Advertising, Articles, Camille G. Weston, Content Marketing, Search Engine Optimization, SEO, Web Content, Writing

SEO for Churches, Ministries and Nonprofit Charitable Organizations

SEO for Churches, Ministries and Nonprofit Charitable Organizations

SEO_for_Churches_Ministries_and_Nonprofit_Charitiable_Organizations

Social service agencies, as well as churches and nonprofits, can enhance visibility in the search engines by implementing effective search engine optimization strategies, inclusive of contextually relevant written content. Thoughtful analysis of researched data increases efficacy for SEO strategists in creating precisely the kind of web material that directs the ideal person searching the web to communities of faith and charitable organizations online.

Technology has substantially reconfigured the way that we pray, commune and study our sacred texts on the internet. Social issues associated with poverty are alleviated daily because those in need can find resources with more specificity and less difficulty, with the greater blessing of discretion, all on their own.

So, let’s talk about what this means to SEO strategists and their clients. Churches, for example, understand the essential uses of a website. Many have found that being present on the web has become an important element to facilitating the needs of their congregations. However, I am concerned that many churches may not fully grasp how important it is to ensure that their specific points of relevance can be found easily, based solely on categorical genre, in the search results.

It begins with demographics. According to Pew Research (Barna), 59% of practicing Christians acknowledge searching online for spiritual content, in light of a recent study conducted by Barna. Much of this content is not optimized, though, for specificity the way it could be.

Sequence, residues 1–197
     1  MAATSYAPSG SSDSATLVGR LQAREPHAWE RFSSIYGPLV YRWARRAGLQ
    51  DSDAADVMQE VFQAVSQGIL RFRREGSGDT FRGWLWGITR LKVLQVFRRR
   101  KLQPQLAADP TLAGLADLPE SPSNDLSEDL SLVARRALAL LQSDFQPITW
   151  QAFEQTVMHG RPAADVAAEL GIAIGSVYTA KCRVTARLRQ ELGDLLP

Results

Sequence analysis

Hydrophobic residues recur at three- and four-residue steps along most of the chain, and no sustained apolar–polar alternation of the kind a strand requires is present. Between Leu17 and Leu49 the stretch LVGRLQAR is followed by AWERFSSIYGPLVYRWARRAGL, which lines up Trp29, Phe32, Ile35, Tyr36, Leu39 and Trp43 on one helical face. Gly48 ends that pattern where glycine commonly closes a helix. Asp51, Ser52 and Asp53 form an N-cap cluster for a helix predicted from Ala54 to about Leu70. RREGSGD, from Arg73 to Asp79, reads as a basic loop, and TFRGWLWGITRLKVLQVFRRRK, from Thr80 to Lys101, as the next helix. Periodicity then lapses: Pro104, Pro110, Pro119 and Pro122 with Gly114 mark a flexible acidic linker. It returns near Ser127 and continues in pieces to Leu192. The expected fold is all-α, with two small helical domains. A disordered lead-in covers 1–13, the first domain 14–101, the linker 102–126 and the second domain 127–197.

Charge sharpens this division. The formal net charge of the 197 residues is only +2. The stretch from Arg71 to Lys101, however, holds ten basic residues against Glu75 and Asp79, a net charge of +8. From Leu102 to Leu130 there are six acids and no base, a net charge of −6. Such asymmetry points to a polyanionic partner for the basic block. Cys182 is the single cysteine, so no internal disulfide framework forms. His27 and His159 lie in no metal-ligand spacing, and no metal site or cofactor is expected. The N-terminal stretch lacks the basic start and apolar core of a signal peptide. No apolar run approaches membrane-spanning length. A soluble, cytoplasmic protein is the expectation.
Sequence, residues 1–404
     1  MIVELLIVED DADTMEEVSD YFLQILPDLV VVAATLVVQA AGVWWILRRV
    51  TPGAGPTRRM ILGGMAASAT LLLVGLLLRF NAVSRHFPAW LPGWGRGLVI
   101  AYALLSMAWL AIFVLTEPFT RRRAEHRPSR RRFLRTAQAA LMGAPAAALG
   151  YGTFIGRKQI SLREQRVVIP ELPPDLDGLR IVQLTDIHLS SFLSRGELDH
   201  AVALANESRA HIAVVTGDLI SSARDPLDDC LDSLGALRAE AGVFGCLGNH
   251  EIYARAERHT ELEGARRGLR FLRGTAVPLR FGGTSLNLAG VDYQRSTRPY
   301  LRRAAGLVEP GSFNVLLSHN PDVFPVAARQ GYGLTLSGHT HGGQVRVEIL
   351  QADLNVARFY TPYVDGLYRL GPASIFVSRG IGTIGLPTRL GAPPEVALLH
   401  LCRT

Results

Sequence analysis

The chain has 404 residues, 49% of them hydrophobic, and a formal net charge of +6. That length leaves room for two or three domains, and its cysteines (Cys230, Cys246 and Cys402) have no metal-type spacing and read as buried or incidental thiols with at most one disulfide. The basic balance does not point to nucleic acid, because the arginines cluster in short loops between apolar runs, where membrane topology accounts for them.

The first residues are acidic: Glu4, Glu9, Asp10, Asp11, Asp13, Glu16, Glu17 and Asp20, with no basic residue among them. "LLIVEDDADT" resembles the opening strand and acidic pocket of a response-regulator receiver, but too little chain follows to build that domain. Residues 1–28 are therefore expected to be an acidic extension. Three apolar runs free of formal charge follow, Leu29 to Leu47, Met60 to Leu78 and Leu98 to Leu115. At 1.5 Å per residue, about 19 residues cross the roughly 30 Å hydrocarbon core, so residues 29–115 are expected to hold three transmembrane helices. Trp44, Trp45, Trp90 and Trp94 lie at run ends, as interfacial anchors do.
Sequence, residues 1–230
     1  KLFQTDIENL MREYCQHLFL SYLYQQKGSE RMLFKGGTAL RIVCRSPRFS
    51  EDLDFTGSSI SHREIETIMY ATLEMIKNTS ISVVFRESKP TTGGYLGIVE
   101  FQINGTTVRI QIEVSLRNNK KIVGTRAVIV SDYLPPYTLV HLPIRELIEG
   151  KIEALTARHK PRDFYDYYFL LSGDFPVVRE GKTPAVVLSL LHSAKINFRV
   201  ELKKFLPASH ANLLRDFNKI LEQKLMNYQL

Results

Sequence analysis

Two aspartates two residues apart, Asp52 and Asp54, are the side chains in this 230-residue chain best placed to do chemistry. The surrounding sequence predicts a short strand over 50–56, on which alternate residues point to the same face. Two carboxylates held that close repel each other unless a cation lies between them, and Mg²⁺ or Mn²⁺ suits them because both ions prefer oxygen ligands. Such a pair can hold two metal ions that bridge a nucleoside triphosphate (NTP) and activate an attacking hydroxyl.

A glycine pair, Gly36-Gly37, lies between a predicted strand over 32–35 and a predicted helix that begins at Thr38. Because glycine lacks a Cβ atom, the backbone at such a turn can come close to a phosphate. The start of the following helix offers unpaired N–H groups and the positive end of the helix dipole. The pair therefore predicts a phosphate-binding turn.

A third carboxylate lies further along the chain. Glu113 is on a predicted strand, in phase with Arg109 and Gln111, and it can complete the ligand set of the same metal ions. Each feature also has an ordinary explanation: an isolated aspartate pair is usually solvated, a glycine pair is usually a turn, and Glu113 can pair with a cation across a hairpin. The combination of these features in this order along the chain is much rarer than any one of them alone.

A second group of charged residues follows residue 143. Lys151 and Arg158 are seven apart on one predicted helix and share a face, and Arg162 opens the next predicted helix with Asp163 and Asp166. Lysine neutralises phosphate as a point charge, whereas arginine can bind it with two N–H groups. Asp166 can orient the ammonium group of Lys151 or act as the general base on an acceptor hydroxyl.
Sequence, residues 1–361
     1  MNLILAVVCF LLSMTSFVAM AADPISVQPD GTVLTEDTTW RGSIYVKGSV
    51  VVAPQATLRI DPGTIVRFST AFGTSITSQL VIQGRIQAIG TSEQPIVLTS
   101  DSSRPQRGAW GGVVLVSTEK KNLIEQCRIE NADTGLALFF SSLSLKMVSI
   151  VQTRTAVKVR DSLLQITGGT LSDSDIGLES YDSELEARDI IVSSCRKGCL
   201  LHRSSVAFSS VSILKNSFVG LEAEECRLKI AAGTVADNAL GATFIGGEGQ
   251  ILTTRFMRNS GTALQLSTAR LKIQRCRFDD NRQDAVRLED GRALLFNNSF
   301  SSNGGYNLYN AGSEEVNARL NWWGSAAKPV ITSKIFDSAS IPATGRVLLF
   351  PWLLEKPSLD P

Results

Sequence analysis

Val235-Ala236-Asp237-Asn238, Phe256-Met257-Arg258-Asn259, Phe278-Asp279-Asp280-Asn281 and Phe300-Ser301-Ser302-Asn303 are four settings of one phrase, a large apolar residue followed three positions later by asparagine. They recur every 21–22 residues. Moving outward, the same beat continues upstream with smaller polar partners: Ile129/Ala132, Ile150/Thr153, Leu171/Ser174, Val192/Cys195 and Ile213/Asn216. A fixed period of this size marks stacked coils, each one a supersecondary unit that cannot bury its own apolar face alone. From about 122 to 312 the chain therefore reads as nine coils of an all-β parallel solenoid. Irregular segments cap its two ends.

Market research has shown that increasingly large numbers are using the internet to find congregations in which to practice their faith. People are using church websites to find out how to get there, peruse and plan events, and review posted sermons online. This is a spiritually refreshing way to connect with church communities of faith without being physically present.

While more practicing Christians are actively searching for videos online than ever before, research is also showing that many are thoroughly researching the information being taught to them in sermons. Especially in the case of sermons, the words spoken are purposefully formulated and brought together into a context that may not be reflected by simply indexing keywords. Full transcripts documented in text format of each sermon should be SEO optimized, contextually analyzed and topic retrievable. Many occurrences of correlating research from a particular source could mean that a believer has found a new faith community on the internet.

Social service agencies should consider search engine optimization to be as important as the visual design of their website. Churches, ministries, and charitable organizations with visually attractive websites also need strategic internet marketing campaigns with high quality written content to ensure positive outreach in the communities that they serve.

Content writers specialize in creating articles for the web by integrating acuity in the art of search engine optimization with creative writing skills. SEO analytics that are well-researched and formulated into useful topic relevant articles are an excellent precursor to directing people on the web to the content on your website.

Today, web developers and writers understand the importance of working together from the very inception of a website through its conceptual phase to full design implementation. By using technological resources to help churches, ministries and charitable organizations strategically expand their potential, we are successfully contributing to the well-being of entire communities.

Bibliography

“How Technology Is Changing Millennial Faith.” Barna Group. Pew Research, 15 Oct. 2013. Web. 05 Feb. 2017. .

This article was written by Camille G. Weston © Camille G. Weston (2014)

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